Women in Science - Mill Hill Schools

Head’s blog

Women in Science

With the School recognising both Science Week and International Women’s Day this week, it seemed appropriate to draw attention in my blog to three interesting women involved in Science and Innovation.

Grace Hopper (1906-1992)

Grace Hopper designed Harvard’s Mark I computer, a five-ton, room-size machine, in 1944. She invented the compiler that translated written language into computer code and coined the terms ‘bug’ and ‘debugging’ when she had to remove moths from the device. She was also a Rear Admiral in the US Navy and has both a guided-missile destroyer, a supercomputer and a college at Yale University named in her honour.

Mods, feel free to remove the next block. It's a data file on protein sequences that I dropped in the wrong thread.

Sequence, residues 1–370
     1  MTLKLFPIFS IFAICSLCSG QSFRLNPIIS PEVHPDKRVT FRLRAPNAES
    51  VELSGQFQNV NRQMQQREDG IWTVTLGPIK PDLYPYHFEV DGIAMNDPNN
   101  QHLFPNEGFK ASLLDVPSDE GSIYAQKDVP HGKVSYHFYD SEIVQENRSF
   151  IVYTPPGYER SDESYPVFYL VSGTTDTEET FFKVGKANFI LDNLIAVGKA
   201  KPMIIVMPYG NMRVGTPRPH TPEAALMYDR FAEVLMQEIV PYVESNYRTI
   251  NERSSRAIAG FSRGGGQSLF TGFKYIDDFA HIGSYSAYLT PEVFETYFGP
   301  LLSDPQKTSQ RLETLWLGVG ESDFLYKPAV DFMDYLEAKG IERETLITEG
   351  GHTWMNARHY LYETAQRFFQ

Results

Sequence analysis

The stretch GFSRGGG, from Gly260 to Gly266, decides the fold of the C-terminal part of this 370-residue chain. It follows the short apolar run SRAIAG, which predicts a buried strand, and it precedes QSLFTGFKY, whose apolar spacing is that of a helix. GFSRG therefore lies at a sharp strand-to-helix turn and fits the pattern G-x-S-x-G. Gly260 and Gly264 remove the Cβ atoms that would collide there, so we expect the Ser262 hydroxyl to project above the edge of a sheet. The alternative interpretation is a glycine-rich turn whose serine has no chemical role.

Stephanie Kwolek (1923 –2014)

Stephanie Kwolek invented Kevlar, a material five times stronger than steel and currently used around the world to protect people from bullets.

Thanks to Kwolek’s invention in 1964, Kevlar has been used in hundreds of products, including bicycle tires, tennis rackets, racing sails, body armour, frying pans, musical instruments, bulletproof vests, and more. The para-aramid synthetic fibre is five times stronger than steel. In 1995 she became the fourth woman to be added to the USA National Inventors Hall of Fame

She stated, “I don’t think there’s anything like saving someone’s life to bring you satisfaction and happiness”

Rosalind Franklin (1920 –1958)

Rosalind Franklin was a British biophysicist, was the first person to capture a photographic image while observing molecules using x-ray diffraction. She is most well known for her contributions to the understanding of the molecular structures of DNA (deoxyribonucleic acid),  and in addition worked on RNA (ribonucleic acid), viruses, coal, and graphite.